The majority of drivers are aware of how dangerous smartphones can be when they are behind the wheel. Distracted driving accidents are quickly becoming one of the leading causes of car crashes in this country today. The majority of states – including Virginia – have some sort of cell phone laws. Some states have laws that outright ban any type of handheld cell phone for drivers of any age.
But are these laws enough to stop distracted driving accidents? Not according to some studies that have been conducted which reveal that it’s not just cell phones which are causing these crashes.
High-Tech Autos Causing Distracted Driving Crashes
As technology has become more sophisticated, so have our vehicles. Many new vehicles are being equipped with high-tech infotainment systems. These systems allow drivers to access their phone, navigation, and audio systems all in one place. However, just like picking up a cell phone and looking at it while driving, the time a driver takes his or her eyes away from the road to adjust their infotainment system is just as deadly.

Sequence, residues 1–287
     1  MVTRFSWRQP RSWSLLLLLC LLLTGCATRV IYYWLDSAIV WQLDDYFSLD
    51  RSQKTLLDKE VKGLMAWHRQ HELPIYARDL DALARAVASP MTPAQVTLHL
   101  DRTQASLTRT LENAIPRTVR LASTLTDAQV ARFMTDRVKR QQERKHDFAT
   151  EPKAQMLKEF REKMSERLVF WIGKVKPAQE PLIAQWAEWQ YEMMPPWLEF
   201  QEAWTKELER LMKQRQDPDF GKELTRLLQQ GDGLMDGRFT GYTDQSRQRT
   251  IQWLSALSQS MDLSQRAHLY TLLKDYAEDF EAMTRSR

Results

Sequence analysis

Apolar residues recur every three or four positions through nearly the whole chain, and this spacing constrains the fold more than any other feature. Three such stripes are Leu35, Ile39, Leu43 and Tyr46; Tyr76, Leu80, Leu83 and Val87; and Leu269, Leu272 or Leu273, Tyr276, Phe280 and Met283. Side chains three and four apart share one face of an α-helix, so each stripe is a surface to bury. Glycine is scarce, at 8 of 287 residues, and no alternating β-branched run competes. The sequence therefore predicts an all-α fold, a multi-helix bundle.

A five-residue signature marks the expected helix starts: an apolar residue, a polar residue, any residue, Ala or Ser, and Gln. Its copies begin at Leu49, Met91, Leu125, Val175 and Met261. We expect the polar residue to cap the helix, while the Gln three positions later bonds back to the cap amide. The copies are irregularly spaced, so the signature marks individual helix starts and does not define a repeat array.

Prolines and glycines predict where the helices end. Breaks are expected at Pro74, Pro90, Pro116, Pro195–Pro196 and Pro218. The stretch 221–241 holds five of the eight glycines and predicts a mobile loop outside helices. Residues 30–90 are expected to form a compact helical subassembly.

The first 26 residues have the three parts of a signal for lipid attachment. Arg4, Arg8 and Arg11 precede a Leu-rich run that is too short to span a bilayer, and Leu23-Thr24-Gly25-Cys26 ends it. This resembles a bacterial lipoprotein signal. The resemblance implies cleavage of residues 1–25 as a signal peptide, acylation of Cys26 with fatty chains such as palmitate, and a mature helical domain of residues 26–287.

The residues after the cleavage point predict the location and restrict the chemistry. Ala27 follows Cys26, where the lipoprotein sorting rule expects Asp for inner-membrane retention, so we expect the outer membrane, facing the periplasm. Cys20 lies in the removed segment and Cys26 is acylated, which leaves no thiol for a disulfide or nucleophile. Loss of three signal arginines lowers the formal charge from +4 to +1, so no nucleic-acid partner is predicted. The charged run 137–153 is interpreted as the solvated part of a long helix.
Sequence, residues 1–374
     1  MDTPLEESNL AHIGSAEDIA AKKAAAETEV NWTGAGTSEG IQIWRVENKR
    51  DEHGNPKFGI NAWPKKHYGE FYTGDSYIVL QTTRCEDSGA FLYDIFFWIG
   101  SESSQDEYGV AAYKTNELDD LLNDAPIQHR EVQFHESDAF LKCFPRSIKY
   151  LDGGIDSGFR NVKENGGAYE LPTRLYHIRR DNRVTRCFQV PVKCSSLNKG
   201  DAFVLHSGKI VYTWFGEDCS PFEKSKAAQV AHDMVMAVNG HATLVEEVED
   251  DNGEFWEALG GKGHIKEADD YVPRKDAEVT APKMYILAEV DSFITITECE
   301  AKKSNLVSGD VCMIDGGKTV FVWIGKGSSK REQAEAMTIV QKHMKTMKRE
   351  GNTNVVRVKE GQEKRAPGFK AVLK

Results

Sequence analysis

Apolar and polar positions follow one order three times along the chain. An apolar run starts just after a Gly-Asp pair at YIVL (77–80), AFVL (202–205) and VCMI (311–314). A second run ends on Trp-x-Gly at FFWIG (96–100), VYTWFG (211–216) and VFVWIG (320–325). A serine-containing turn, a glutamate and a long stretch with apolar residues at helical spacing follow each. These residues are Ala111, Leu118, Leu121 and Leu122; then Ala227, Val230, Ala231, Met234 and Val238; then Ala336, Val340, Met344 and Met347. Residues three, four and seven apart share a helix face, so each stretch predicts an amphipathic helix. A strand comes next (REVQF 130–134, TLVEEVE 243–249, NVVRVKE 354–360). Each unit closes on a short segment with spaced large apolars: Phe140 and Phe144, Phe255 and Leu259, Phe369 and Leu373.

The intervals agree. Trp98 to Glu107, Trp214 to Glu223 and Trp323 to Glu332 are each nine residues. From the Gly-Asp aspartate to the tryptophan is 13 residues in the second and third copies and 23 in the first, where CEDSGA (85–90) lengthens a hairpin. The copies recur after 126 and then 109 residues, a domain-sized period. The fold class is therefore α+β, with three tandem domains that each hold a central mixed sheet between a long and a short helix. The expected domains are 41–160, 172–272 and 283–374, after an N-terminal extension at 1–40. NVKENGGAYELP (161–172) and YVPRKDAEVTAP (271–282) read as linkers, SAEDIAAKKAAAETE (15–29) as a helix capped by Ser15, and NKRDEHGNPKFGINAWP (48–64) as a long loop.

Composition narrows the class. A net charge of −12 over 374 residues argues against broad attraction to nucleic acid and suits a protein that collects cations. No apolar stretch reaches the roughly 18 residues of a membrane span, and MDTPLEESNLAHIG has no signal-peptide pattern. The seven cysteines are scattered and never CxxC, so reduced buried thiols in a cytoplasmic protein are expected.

In one recent study, conducted by the AAA Foundation for Traffic Safety, researchers monitored 120 drivers as they traveled along a two-mile stretch of road. Drivers were between the ages of 21 through 36. There were 30 different models of vehicles used for the study and speed limits each driver traveled at was 25 miles per hour. While they were driving, each driver engaged with the infotainment system in the vehicle.
For the study, the research team was looking to answer these key questions:
- Which task is the most demanding to complete while driving: dialing a number and calling someone on a cell phone, sending a text message, programming navigation, or tuning the radio?
- What is the cognitive levels required for completing the above tasks when using different technologies (buttons, rotary dial, writing pad), touch screens, and voice commands?
The results showed that entering a destination into the navigation system of the vehicle took the most attention of the driver. Next was texting. Both making a call and using the radio were the least demanding on a driver’s cognitive level, but they require the most time for taking their eyes off the road.
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The researchers concluded that all of these activities diverted driver’s attention away from the road for 40 seconds or more. Studies have shown that taking your eyes off the road for even two to three seconds can have disastrous consequences. Close your eyes for 40 seconds and see how long that is. Imagine driving for that amount of time with your eyes closed? That is exactly what it is like for a driver engaging in distracted driving behaviors.